Reflecting back on the 18-month Hispanic millennial project that had five waves (four new mini-waves are slated for the rest of 2015 and early 2016), I realized that we had tons of data that didn’t rise to prominence because there was just so much to be highlighted. As I dove into our most recent wave, Media/Technology/Digital Trends, I realized that there was an unexplored facet to this research, Spanish-language music.
What first got me thinking about the untapped potential of Spanish-language music was this table:
We asked respondents “How much of an influence would you say your culture/heritage is on each of the following?” For Hispanic Millennials, almost 70% cited that culture/ethnicity was a big influence on their music choices. The natural assumption is that Spanish language music would be the first choice for Hispanic millennials in terms of influence and that hypothesis is supported by the following chart which highlights how 53% of Hispanic millennials listen to some Spanish radio:
Spanish streaming services and radio have likely been overlooked as a way to connect with millennials due to the assumption that:
1. Millennials no longer listen to the radio
2. Hispanic millennials don’t consume media in Spanish
Our data paints a much different picture. While it is true that millennials are streaming the majority of their music, there is still a segment of the population that use radio to connect to their heritage. Beyond the music programming, radio offers on-air personalities that Hispanic millennials grew up listening to with their parents and provide another avenue to connect with their culture beyond just the music.
Additionally, music provides a connection to culture that is deep rooted in Latino tradition. During an informal conversation with a Google employee, they shed light on an unpublished statistic that on the surface seems inconsequential, but in reality provides even more insight into the importance of Spanish music: Over 50% of the Spanish language music streamed on YouTube is Norteño music.
Norteño is a regional genre of Mexican music related to polka and corridos; you’ve likely heard the distinctive “boompa boompa” rhythms of norteño music at one point or another. This genre is pretty specific and popular among Mexican-Americans and also other Latino groups who have grown up in the U.S. and have been exposed to Mexican music. This statistic reaffirms the idea that Latinos are looking to Spanish music to connect with their culture and heritage.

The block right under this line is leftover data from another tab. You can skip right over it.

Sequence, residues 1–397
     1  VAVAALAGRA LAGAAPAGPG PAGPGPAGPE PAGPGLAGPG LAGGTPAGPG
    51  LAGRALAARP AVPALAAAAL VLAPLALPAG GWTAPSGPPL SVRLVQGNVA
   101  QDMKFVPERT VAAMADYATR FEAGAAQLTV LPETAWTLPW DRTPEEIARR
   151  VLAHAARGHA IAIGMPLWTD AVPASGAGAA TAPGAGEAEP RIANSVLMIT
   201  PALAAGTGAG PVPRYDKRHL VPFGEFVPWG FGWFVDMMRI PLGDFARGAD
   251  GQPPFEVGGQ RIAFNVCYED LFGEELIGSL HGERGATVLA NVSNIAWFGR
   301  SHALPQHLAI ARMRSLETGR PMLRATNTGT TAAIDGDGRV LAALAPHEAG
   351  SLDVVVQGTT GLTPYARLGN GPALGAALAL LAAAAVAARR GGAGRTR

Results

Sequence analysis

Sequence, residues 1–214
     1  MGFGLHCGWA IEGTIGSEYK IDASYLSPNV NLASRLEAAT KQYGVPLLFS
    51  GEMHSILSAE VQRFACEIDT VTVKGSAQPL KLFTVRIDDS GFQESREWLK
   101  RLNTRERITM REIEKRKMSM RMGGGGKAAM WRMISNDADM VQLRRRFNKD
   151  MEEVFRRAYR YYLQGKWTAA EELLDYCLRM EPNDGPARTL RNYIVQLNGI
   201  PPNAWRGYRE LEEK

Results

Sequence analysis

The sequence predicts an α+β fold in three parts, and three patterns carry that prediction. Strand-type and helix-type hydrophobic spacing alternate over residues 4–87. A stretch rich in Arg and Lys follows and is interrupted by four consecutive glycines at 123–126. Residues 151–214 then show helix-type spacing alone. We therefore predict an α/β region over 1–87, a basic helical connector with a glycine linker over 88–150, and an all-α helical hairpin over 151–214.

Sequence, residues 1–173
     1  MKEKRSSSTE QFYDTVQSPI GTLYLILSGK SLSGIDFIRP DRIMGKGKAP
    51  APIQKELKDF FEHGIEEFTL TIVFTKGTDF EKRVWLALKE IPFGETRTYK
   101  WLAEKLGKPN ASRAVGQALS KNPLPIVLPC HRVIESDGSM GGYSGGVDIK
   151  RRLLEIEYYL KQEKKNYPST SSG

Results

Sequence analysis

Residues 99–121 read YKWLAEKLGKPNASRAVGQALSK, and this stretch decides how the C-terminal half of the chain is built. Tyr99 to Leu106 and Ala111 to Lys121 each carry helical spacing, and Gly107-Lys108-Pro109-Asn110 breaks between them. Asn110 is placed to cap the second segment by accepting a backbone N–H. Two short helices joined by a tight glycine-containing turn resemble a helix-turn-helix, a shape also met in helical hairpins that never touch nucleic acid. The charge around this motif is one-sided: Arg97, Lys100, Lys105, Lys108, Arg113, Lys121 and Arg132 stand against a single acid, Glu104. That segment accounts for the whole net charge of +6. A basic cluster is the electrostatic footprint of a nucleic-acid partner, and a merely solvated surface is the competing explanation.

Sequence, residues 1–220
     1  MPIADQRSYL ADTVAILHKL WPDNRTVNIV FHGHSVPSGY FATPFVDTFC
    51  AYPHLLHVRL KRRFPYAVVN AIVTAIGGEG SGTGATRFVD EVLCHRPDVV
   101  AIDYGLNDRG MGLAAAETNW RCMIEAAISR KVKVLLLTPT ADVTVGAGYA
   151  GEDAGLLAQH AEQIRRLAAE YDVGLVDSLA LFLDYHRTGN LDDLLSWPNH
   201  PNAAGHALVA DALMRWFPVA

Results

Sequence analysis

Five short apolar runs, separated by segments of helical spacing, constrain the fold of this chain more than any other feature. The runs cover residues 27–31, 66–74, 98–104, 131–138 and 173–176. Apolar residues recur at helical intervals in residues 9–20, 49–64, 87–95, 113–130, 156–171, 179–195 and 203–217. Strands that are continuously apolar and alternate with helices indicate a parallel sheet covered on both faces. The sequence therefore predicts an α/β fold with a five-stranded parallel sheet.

Spanish language music provides a unique opportunity for marketers to reach this audience. As pointed out in a recent NatGeo Mundo segment we were featured in regarding bilingual advertising:
“There is a growing body of evidence that suggests that the language we spoke as children has a more direct connection to our emotions and when logic and emotion are pitted against each other, emotion has a built-in advantage. That’s because the emotional centers of our brain were built to keep us safe so they react to stimuli much faster than our logic centers can. By the time our logic kicks in there’s already a bias towards what our emotional brain has determined. Advertisers know this and design their ads to connect with consumers on an emotional level as best they can.”
Streaming services with Spanish language targeting such as Pandora and Spotify along with Spanish radio provide a more affordable advertising option for marketers to reach Hispanic millennials in a culturally relevant way. Digital advertising continues to take the majority of advertiser dollars but Spanish language music may be a way for brands to differentiate themselves and be heard by a culturally engaged Hispanic millennial audience.
This blog post was originally published on Media Post Engage Hispanics, where you can view other publications about Hispanics in America.